Easter celebrates the new beginnings associated with spring along with the resurrection of Christ, and the Island's churches will hold special Good Friday and Easter services.

The big one is the non-denominational sunrise service, sponsored by the Kiwanis Club of Anna Maria Island, Easter morning at 6:30 a.m. Officials from all of the Island's churches will conduct the service and those attending need to bring blankets or chairs to sit on. The free trolley system begins operation at 6 a.m., and taking a trolley will save you a lot of waiting with your engine running after the service. An offering will be taken and the money donated will be split among the Island churches.

The Island church services are as follows:

• CrossPointe Fellowship (Baptist), 8605 Gulf Drive, Holmes Beach, 778-0719, will hold a Good Friday Service at 7 p.m. and two Easter morning services at 9 a.m. (contemporary) and 10:15 a.m. (traditional).

• The Episcopal Church of the Annunciation, 4408 Gulf Drive, Holmes Beach, 778-1638, holds a Good Friday service at noon focusing on Jesus' Seven Last Words. The Easter morning observance begins with a Rite I service at 7:30 a.m., followed by Rite II Festival Eucharist services with choir and organ at 9 and 11 a.m.

• Gloria Dei Lutheran Church, 6608 Marina Drive, Holmes Beach, 778-1813, has Good Friday services at noon and 7 p.m. with Festival Worships at 8 and 10:30 a.m. and a Fellowship Brunch between the services.

• Roser Memorial Community Church (non denominational), 512 Pine Ave., Anna Maria, 778-0414, offers a Good Friday service at noon and Easter services at 9 and 11 a.m. with Adult Sunday School at 10 a.m.

• St. Bernard Catholic Church, 248 S. Harbor Drive, Holmes Beach, 778-4769, hosts the Passion and Veneration of the Cross at 3 p.m. and Stations of the Cross at 6 p.m. on Good Friday. It will have Masses at 8 and 10 a.m. on Easter Sunday with an Easter egg hunt after the 10 a.m. Mass.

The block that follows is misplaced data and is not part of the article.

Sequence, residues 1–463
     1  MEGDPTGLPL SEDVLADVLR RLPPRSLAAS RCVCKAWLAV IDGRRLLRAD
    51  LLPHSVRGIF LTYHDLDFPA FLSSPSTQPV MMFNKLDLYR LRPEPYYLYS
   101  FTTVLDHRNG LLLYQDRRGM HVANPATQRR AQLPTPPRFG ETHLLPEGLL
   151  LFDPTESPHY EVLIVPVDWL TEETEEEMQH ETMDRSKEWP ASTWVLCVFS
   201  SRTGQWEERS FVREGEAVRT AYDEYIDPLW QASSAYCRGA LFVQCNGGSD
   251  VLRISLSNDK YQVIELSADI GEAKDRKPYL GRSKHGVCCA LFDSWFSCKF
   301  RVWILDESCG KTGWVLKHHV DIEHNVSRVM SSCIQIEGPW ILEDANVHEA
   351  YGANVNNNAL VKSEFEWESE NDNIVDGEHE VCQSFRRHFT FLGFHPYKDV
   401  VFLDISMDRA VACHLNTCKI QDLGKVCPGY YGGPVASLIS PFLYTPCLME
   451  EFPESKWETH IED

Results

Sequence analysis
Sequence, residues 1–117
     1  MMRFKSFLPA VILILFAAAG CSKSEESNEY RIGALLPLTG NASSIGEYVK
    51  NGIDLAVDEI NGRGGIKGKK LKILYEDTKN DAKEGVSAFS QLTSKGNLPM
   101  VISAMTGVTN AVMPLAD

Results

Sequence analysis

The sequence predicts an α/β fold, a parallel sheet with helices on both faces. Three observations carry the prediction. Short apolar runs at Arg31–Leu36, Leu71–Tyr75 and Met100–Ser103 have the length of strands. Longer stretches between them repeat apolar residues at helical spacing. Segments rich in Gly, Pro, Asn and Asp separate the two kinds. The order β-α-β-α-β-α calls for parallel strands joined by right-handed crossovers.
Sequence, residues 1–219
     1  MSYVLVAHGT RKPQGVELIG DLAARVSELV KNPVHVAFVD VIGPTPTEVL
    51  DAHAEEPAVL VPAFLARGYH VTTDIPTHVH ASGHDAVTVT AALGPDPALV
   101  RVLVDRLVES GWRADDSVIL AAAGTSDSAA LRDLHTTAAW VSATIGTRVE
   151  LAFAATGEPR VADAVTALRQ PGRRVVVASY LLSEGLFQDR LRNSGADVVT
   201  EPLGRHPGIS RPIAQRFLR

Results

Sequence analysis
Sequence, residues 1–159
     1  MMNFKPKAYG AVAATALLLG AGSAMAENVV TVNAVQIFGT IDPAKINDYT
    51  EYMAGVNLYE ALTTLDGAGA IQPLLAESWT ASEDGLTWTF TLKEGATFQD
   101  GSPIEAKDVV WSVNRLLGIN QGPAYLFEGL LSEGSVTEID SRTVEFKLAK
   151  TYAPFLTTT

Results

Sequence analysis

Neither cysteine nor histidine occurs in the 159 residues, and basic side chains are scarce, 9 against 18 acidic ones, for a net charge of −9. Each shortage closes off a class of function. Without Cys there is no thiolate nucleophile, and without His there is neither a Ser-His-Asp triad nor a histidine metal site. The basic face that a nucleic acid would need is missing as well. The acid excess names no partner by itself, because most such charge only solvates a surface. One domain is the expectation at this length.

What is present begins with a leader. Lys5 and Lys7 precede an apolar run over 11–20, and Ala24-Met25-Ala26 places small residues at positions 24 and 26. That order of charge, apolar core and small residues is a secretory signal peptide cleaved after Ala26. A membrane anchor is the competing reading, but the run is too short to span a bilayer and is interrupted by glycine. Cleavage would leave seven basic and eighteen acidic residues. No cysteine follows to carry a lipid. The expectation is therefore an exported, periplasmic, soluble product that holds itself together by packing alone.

Easter events at Sandbar and on Pine Avenue

The public is invited to the 26th Annual Sandbar Easter Egg Hunt on Saturday, April 7, at the Sandbar restaurant, 100 Spring Ave., Anna Maria, beginning at 9 a.m. with refreshments at 8:30 a.m. Children must bring their own basket.

After the hunt, the Easter Bunny will lead a parade down Pine Avenue for the Third Annual Easter Egg Roll and the Second Annual Easter Bonnet Contest from 9:30 to 11:30 a.m. The bonnet contest will be at 11 a.m. at 315 Pine Ave.

The adult winner will receive a two-night stay at one of the Anna Maria Guest Houses, and the children's winner will have lunch and ice cream sundaes with three of their friends at the Sandbar.

There will be activities set up along Pine Avenue with lots of surprises for the children. Chris Grumley will provide music, and the Sandbar will provide snacks and refreshments.

The PAR shops also will be giving away prizes to parents holding a lucky number given to them when they come to the Easter Egg Roll. Each shop will have special treats set out for the parents and children.

The Anna Maria Island Sun and the Sandbar sponsor the Easter Egg Hunt and Pine Avenue Restoration and the Sandbar sponsor the egg roll and bonnet contest. For more information, call Tina Fusaro at 941-778-8710 or visit